CLIENT SPOTLIGHT: Grillo's Pickles

If you haven't been to the Grillo's Pickles website, you should. There, you'll find the fantastic story of how this company began. We've copied part of it here to save you a click.

Grillo's Pickles began with a pickle cart, just a small wooden stand in downtown Boston, where Travis Grillo and his friends would sell two spears for one dollar. Travis would make the pickles by night using his family's 100-year old recipe - one he'd memorized from making pickles every summer as a kid. In the morning, Travis would bike to the Boston Common and set up the cart with his buddies. They'd hang out all day, urging people to try the simple Grillo family pickle. It was a small business but Travis worked hard for it. He made more pickles, biked more miles, and slept less hours than he ever had before.
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CLIENT SPOTLIGHT: Factory Five Racing

Factory Five Racing was founded in 1995. Over the years they have grown from a start-up business in a small garage to become the world's largest manufacturer of "build-it-yourself" component car kits. They employ a full-time crew of about 40 people, and are located in Wareham, Massachusetts (about an hour south of Boston). They make their products right here in the USA, in the heart of New England where American manufacturing was born.
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Fred and Danny Magnanimi grew up watching their father create beautiful, handcrafted jewelry in the family's Cranston, RI jewelry manufacturing business. When the boys grew up, Fred moved to New York and began working on Wall Street as an investment banker, while younger brother Danny, still enamored by the family business, stayed home. Increased competition from overseas businesses created significant challenges for the business, but Danny was confident he could find a way for the family business to evolve and thrive. This was his mission, this was his passion.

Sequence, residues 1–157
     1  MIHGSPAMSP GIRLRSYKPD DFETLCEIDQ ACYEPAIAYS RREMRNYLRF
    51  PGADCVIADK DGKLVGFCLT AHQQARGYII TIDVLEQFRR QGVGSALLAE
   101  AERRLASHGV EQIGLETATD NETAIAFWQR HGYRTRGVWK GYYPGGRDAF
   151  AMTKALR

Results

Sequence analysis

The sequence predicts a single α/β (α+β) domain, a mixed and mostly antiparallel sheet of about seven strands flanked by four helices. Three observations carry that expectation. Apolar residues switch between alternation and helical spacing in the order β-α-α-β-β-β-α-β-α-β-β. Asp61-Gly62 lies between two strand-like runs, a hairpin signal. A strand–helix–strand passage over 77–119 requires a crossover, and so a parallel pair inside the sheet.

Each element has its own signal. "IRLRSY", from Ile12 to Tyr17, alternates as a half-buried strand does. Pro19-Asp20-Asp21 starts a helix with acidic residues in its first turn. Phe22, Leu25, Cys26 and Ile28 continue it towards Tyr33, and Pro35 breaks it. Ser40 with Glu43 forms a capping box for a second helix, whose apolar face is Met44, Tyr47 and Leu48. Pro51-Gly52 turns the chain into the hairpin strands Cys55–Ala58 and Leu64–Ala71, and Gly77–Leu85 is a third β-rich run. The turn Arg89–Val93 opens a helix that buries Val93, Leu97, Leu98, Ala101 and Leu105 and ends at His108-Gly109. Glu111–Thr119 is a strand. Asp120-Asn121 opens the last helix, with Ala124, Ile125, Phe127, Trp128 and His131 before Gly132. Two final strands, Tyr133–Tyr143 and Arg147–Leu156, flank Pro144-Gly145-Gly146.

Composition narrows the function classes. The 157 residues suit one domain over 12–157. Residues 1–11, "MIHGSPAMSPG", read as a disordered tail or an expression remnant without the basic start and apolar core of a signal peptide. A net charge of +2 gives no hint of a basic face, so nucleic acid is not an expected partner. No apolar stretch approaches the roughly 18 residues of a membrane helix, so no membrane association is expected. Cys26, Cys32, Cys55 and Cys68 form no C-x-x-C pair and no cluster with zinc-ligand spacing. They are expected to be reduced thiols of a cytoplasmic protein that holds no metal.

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        Nonprofits Need Plan To Manage Deferred Giving

        PS&H attorney Elizabeth Manchester was interviewed by Providence Business News for an article that explores what nonprofits need to consider when accepting deferred gifts, and why it is important for institutions to market planned gifts.

        Elizabeth pointed out that although estate gifts are made with the best intentions, gifts can create unintended complications for the institution. In her practice, she provides counsel to charitable and academic nonprofit institutions on a range of issues including deferred and planned giving.

        Highlighting the different types of gifts, Elizabeth explained that “For some [donors], it may be the establishment of an endowment gift to benefit the organization in perpetuity...It may be honoring a loved one through a named space. It certainly may be … leaving the donor’s personal legacy for an institution. There may be tax motivations. A common thread is that the organization is one that has engaged and inspired that donor in a meaningful way.”

        Elizabeth also pointed out that “restricted giving” is becoming more popular; that is, gifts being restricted for a specific purpose. She said, “Organizations need to be aware of legal compliance, responsible fundraising practices and IRS regulations regarding gift administration.”

        She also explained that the Tax Cuts and Jobs Act of 2018, which increased the standard tax deduction, lessened the incentive for many donors to make charitable gifts in order to receive an itemized deduction. “For this reason, deferred giving is more important now than ever for nonprofit organizations.”

        With the baby boom generation and the impending transfer of their wealth, Elizabeth stressed that nonprofits need to have a formalized planned- and estate-giving program in place.

        Click here to read the full article. (subscription required)